September is Gynaecological Cancer Awareness Month. For the next 30 days, charities are joining together to raise awareness on the range of cancers that start in the female reproductive system.
These cancer types can affect women, some transgender men and non-binary people assigned female at birth.
There are five main types of gynaecological cancer – cervical, ovarian, vaginal, vulvar and uterine (or womb) – plus fallopian tube cancer, although this is very rare.
According to charity The Eve Appeal, around 22,000 women are diagnosed with a gynaecological cancer each year in the UK, which equates to around 50 diagnoses each day.
Around 21 people die every day from these cancers, but some of these cases are preventable, and with the right treatment, many gynaecological cancers have high survival rates.
What are the symptoms of gynaecological cancers?
There are some common signs and symptoms to watch out for. Gynaecologist Oudai Ali from New Victoria Hospital says: “The symptoms of gynaecological cancers can vary. But some common signs to watch out for include abnormal vaginal bleeding, pelvic pain or discomfort, unusual vaginal discharge, new vulval lump or ulcer and changes in urinary or bowel habits.”
If you’ve noticed any of these signs, follow the ‘if in doubt, check it out’ rule, Ali says: “It’s crucial for patients to consult their GP if they experience any of these symptoms, as early detection can significantly improve treatment outcomes.”
Severe ongoing bloating and feeling full very quickly, unintentional weight loss and fatigue are also indications things should be checked out.
Are regular screenings important for gynaecological health?
Routine screening programmes are not available for all types of gynaecological cancer. However, where they are available – such as cervical smear tests – attending screenings can be life-saving.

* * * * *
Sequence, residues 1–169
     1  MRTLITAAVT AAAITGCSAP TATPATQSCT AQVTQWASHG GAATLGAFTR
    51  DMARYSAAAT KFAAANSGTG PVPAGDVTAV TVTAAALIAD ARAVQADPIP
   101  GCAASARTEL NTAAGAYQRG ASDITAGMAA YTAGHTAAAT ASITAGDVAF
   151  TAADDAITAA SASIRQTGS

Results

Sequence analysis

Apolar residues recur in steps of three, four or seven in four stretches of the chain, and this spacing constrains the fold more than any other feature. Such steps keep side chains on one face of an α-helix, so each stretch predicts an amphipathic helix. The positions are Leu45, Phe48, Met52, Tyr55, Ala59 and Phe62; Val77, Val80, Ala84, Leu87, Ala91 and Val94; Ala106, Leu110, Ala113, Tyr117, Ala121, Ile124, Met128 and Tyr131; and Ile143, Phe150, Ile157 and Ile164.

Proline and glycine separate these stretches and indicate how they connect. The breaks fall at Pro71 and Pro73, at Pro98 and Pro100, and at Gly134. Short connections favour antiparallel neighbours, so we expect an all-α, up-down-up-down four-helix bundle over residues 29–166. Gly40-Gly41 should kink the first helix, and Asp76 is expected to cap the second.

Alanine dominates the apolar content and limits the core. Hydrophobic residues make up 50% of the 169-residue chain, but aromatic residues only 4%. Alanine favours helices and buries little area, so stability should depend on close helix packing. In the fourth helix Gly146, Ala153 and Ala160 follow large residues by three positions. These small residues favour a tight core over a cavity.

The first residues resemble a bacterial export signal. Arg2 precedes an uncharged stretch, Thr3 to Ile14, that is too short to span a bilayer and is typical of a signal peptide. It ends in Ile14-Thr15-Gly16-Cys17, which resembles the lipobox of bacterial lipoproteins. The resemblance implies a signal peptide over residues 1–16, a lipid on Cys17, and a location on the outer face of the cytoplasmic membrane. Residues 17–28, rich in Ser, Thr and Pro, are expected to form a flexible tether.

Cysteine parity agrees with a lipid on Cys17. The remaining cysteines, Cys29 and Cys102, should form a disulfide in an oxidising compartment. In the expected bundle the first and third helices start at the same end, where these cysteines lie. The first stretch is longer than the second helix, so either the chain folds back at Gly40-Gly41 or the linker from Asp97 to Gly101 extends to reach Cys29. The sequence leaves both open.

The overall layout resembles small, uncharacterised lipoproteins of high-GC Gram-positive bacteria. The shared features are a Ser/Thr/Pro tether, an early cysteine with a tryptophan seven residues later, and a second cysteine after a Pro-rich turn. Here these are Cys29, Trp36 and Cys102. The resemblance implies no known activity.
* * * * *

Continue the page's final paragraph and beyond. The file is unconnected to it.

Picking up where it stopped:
“Regular screenings, such as smear tests and HPV (human papillomavirus) tests, are vital for the early detection of cervical cancer and can prevent it at its pre-cancer stage,” says Ali. “Additionally, it’s important for individuals to discuss family history and risk factors with their healthcare provider to determine which screenings are appropriate."
Mr Andrew Pooley, consultant gynaecologist at New Victoria Hospital says research shows cervical cancer risks are higher for people who don’t attend screenings. He said: “Cervical cancer risk is estimated to be 1.7% among women in the UK who don’t attend screenings.
“Other risk factors are related to a higher exposure to HPV, the use of the contraceptive pill for over 10 years, or a weak immune system.”
Ali adds: “The age to start screening can vary depending on the type of cancer and a patient’s individual risk factors. Pap smears typically start around age 25.”
If you are concerned about symptoms, your GP can refer you for blood tests and scans for cancers where there isn’t a national screening programme.
Can gynaecological cancers be prevented?
Not all gynaecological cancers can be prevented, there are steps you can take that in some cases may help reduce your risk. Ali says: “Maintaining a healthy lifestyle, including a balanced diet, regular exercise, and avoiding tobacco, can help.
“The HPV vaccine is a powerful tool in preventing certain gynaecological cancers. It protects against several strains of HPV that can lead to cervical, vaginal, and vulvar cancers. It’s recommended for both boys and girls, ideally before they become sexually active, to provide the greatest protection.”
Some gynaecological cancers can have a hereditary component, too.
“A family history of bowel, breast or ovarian cancer may increase the risk,” Ali explains, which is why it’s important to discuss family medical history at screenings. They can assess the risk accurately and recommend appropriate screenings or genetic testing if necessary.”
However, anyone can potentially get cancer, so getting any symptoms checked as soon as possible is always key.
What are the available treatment options for gynaecological cancers?
Survival rates for the main five gynaecological cancers, when diagnosed at stage one, range from 75%-95% according to Cancer Research.
Treatment options vary depending on the type and stage (from one to four) of cancer.
“They may include surgery, chemotherapy, radiation therapy, hormone therapy, targeted therapy, or a combination of these treatments,” says Ali. “The choice of treatment is personalised to each patient’s specific diagnosis and medical history.”
New Victoria Hospital has launched its Community Champion Campaign, which will offer £125,000-worth of free scans and treatment to people across the UK. To apply visit: newvictoria.co.uk/communitychampioninitiative.